1 House 100 Years

Preparing For The Centennial Of A Place That Matters

Month: February, 2014

“How-To” Make A Built-In Linen Cabinet or “How-To” Cover Up A Big Hole In The Wall


I have wanted to share some advice or “how-to” information that might help anyone following along who wanted to construct a built-in cabinet for their home. The “how-to” of how to share a “how-to” for this particular project has eluded me. So I made an illustration.

With this type of project, you want what you build to fit its space as if it had been there since the house was constructed. I had the extra challenge of needing to hide (but still make accessible) part of a wall that had been removed while rewiring the house.

In the small inset photo, you can see what I am talking about. I remember very well the day that my very best project buddy friend in the whole entire world told me, “John, we have to cut a hole in a wall somewhere to run electric wires up into the attic for overhead lights.”

He might as well have told me, “John, we are going to have to cut off your right arm to save your life.” In those days, demolition did not come easily to me. (That was before throwing out the kitchen sink and sawing out old rotten floor boards.)

You have to trust a friend who will crawl around in a 100° plus attic with you to remove all of the old knob and tube wiring that the insurance company claims is a fire hazard (and most likely so if you had ever seen the tangled puzzling electrical box).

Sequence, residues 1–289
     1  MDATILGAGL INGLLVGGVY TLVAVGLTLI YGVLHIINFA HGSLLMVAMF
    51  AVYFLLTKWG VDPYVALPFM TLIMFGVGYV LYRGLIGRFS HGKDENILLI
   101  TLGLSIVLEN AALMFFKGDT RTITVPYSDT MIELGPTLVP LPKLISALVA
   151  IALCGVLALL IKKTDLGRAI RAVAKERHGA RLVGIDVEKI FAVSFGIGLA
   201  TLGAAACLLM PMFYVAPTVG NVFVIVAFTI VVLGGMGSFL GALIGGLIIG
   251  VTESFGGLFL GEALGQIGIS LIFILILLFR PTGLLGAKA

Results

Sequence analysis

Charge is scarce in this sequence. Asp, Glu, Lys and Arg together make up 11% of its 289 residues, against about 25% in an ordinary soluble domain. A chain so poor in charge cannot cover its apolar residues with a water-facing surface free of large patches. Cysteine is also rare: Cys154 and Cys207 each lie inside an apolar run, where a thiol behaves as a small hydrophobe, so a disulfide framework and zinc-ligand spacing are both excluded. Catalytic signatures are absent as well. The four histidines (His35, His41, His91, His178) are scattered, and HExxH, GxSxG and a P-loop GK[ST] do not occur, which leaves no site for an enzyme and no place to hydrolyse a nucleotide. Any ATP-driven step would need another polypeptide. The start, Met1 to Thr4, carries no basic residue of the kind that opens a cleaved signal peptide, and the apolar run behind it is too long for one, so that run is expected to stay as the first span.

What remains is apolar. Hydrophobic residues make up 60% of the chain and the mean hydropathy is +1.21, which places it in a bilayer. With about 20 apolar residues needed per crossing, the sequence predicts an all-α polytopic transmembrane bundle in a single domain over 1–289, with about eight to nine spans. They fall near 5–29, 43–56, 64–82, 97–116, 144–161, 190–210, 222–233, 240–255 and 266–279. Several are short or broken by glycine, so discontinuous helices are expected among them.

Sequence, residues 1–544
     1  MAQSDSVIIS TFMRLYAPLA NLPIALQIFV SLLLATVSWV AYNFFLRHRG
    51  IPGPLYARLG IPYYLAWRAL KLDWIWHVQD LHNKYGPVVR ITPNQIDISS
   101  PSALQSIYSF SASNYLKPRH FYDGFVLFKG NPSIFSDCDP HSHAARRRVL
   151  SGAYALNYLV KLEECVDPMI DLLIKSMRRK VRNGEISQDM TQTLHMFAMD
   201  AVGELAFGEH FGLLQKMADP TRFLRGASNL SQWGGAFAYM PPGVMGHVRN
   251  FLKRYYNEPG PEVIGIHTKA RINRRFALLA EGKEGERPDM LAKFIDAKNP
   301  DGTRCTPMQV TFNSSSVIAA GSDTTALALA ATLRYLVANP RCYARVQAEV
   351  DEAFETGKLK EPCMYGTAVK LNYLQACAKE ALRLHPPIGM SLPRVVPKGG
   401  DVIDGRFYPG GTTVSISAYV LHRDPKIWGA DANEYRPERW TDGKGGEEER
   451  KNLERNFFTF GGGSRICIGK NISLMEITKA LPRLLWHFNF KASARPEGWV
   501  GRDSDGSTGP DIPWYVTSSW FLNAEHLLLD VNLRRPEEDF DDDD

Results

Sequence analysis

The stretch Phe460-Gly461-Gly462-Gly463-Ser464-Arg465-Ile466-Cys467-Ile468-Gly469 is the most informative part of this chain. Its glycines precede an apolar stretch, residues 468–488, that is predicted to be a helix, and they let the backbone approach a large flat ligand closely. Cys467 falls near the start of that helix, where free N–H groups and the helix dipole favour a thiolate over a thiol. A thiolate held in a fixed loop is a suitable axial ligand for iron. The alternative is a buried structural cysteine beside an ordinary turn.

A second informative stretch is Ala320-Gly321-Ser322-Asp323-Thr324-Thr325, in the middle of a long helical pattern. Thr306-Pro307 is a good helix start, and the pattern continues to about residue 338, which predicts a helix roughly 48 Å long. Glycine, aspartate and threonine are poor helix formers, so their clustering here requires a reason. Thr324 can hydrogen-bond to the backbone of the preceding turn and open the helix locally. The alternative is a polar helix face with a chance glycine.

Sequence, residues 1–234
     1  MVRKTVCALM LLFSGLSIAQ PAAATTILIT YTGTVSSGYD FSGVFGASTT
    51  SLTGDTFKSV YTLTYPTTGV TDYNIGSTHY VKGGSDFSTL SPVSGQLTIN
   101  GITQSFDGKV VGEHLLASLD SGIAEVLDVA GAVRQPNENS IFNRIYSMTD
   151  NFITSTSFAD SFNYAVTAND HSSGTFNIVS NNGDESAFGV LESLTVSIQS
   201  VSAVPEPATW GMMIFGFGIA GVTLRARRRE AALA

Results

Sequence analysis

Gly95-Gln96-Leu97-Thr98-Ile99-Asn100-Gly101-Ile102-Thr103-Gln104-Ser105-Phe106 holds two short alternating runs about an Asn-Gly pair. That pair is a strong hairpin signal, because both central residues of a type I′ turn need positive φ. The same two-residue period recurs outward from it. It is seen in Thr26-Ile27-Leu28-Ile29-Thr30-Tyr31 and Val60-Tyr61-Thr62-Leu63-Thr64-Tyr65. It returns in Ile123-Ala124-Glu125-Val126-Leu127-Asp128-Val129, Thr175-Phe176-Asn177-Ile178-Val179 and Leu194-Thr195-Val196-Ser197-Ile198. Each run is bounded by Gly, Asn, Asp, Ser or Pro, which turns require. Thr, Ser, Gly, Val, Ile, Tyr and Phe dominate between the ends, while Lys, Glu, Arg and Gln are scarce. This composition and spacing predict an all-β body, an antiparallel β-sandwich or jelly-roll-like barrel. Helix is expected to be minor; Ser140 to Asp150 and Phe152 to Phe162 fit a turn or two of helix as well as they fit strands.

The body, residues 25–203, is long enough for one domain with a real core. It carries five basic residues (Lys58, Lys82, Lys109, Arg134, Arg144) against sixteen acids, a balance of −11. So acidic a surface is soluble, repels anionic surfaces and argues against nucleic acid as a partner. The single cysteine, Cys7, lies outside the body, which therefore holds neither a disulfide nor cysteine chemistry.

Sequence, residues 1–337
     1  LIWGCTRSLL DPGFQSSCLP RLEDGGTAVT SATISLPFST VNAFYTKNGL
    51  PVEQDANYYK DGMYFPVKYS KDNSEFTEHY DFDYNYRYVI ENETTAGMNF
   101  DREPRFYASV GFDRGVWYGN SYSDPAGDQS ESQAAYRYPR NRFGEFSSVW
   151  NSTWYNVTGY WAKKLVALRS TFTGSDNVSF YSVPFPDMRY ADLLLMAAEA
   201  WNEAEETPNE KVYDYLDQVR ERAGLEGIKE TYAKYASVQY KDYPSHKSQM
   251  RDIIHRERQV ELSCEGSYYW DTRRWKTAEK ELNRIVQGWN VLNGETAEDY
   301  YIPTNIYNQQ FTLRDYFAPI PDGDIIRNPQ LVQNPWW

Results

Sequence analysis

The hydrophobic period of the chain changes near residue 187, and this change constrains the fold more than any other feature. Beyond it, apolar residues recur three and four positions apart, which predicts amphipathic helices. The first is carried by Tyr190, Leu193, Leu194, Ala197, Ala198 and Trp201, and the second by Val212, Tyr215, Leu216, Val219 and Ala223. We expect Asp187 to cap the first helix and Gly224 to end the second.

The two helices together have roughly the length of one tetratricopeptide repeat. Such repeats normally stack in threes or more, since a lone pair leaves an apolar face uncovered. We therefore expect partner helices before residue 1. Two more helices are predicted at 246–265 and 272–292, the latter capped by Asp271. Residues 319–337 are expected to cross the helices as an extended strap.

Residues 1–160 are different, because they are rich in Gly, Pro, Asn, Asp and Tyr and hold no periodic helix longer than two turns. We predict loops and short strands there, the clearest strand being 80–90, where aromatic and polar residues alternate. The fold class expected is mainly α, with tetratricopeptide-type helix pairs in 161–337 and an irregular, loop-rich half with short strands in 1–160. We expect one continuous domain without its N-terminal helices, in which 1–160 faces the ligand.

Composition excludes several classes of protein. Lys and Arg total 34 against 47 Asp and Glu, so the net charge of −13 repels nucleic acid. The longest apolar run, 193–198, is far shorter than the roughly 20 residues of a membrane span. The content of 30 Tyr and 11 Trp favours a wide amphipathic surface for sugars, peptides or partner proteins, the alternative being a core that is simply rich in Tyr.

So cutting a big hole in the wall is exactly what we did. The solution to this hole in the wall had eluded me for a long time, but it eventually worked out quite nicely.

By raising the position of the side panels by one foot, I exposed the wall access space at the bottom for any future wiring needs. As a bonus, this added an extra foot in height to the unit. Then I used two removable shorter panels to cover the access areas. They are both two feet high, so there is extra overlap to make the fit more secure.

The top edges of the panels serve in place of the cleats that hold the other shelves. They also have handles for easy removal if needed and cleats (not shown) to hold the bottom shelf. This could also be useful to hide plumbing access, depending on the floor plan of your own home.

The main photograph was taken February 2014. The small inset photograph was taken in the fall 2013 near the start of this project.



Poems and Sketches


One of the things I have enjoyed about WordPress blogging has been meeting new people with varied interests. One person in particular is Tom Simard, a writer of poetry and prose. A recent post of mine titled “Old Sketchbooks From ‘The Turn Of The Century'” prompted an experiment for us.

He will write poems for some of my sketches, and I will draw sketches for some of his poems. This is all to be done at a leisurely pace since demands and deadlines tend to put a damper on creativity.

Find his poems for my sketches at Tom Simard: Poetry and Prose.

Find my sketches for his poems at 1 Graphic 50 Words.

Small Space Design Considerations